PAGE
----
Monday, December 12, 2022

The Importance of His Flesh in Entelechy (Gospels 11)


And the Word became flesh.”

(John 1:14 NKJV)

“unless you eat the flesh of the Son of Man and drink His blood, you have no life in you.”

(John 6:53 NKJV)



Imagine that you are Jewish, at the time of Jesus.  Like Peter, in Acts 10:13, you refuse to eat any foods that are not kosher.  No pork, no shellfish, no rabbit, not even Jello (if it had been invented back then; it’s made of pig parts).  No catfish, shark, or sturgeon.  No escargots, no insects (other than certain varieties of locust).  You can’t eat an egg that has blood in it, because the blood indicates an unborn embryo that was not properly killed, and, besides, you cannot eat anything with blood in it.  Then, along comes Jesus who tells his disciples to eat his flesh and drink his blood.  Not only is drinking any blood a violation, but eating his flesh even smacks of cannibalism.  Justin Martyr’s First Apology (Chapter 5 & 6) indicates that the Romans accused the early Christians of cannibalism, perhaps, based somewhat on this passage.  Jesus’ saying even scandalized many of his disciples in Capernaum who heard it: “Therefore many of His disciples, when they heard this, said, ‘This is a hard saying; who can understand it?’ . . . Jesus . . . said to them, ‘Does this offend you?. . .  From that time many of His disciples went back and walked with Him no more.(John 6:60-61 NKJV).


Many commentaries on John have wrestled with the John 6:53-61 passage, but my purpose, here, is to see if the concept of entelechy sheds any new light on its meaning.  It is possible that the John 6:51-63 passage is where the concept of hulē/ὕλη plays a most important role.  As I mentioned in my post The “Form” of God and Entelechy (Gospels 6), “all (natural) material/hulē/ὕλη (including “flesh”) was “made” by (or through) the Logos.”  Although the New Testament only once uses the term hulē/ὕλη, John makes considerably more use of the term flesh/sarx/σὰρξ, using the term eleven times.  Of those eleven times, eight are in the John 6:51-63 passage, now under consideration, where Jesus also claims to be the living bread that came down from heaven.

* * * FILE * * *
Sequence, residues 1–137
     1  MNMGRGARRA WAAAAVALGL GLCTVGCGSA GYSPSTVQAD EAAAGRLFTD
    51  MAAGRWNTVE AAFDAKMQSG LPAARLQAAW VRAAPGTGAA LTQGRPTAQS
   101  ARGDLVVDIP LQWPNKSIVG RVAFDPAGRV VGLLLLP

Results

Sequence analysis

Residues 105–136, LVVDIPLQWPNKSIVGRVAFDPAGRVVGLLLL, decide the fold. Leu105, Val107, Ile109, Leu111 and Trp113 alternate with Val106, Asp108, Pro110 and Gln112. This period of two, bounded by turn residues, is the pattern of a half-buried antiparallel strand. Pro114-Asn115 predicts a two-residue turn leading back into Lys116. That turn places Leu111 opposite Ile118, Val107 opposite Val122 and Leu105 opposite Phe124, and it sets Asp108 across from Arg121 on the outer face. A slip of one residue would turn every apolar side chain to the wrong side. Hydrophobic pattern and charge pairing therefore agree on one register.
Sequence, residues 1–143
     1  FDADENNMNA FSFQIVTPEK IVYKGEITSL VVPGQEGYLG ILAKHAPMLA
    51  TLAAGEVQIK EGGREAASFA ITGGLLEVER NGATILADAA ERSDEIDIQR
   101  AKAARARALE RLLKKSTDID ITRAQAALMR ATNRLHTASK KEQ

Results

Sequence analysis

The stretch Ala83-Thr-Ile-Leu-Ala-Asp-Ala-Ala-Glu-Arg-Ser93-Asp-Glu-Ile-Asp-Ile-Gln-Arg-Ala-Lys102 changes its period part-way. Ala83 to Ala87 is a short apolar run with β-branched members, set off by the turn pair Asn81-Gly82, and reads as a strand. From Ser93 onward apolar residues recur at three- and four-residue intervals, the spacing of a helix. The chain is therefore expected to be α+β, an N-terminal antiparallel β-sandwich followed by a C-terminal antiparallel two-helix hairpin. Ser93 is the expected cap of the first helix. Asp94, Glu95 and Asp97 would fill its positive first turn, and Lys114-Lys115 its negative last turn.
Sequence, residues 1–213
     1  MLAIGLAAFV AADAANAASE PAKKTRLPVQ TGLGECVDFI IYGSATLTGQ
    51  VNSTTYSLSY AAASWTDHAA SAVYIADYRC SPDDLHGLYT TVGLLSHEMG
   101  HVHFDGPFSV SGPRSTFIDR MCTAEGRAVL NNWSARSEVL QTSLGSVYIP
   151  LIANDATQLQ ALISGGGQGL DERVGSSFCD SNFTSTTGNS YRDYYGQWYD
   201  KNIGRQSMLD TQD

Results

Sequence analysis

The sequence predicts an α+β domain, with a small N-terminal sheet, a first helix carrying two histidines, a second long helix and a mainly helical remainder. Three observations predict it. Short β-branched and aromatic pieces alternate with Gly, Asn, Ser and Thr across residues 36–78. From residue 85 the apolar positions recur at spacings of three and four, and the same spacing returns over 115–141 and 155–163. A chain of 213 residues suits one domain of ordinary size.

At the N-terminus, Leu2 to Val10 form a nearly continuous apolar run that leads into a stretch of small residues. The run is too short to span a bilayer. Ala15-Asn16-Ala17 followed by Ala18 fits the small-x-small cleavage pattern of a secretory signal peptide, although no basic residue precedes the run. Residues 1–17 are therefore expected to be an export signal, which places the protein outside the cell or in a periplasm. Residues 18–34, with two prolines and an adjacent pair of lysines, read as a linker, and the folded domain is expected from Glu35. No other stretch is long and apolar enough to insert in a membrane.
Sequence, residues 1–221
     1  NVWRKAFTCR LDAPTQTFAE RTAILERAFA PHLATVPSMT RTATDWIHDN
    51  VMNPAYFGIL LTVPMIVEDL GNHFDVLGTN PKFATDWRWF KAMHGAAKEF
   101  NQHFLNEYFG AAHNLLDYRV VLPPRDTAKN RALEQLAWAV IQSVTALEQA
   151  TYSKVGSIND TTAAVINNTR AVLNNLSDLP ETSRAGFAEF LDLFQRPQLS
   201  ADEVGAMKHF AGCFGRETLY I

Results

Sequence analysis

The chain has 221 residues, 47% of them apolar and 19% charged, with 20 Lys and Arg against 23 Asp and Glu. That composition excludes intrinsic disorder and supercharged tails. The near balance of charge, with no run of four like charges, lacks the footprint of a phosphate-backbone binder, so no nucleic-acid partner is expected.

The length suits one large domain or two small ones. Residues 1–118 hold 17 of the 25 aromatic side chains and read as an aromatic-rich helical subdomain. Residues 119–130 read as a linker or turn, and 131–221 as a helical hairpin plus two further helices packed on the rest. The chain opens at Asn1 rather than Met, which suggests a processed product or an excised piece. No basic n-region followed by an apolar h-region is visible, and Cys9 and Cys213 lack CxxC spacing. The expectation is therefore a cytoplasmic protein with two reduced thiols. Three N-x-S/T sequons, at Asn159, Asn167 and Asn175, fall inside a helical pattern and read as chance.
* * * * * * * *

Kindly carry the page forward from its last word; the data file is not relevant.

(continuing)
It is not enough to say that John’s account of Jesus is employing the trope of metaphor.  It clearly is.  The question is how extensive the metaphor is.  Certainly, Jesus’ body is not literal bread or manna (John 6:31-33), yet he does assert that he literally did come down from heaven.  His use of the verbs to eat and to drink pertain to the bread and manna metaphor, so they are not literal, either.  Importantly, however, when Jesus refers to his own flesh/sarx/σὰρξ (and blood), he is being quite literal.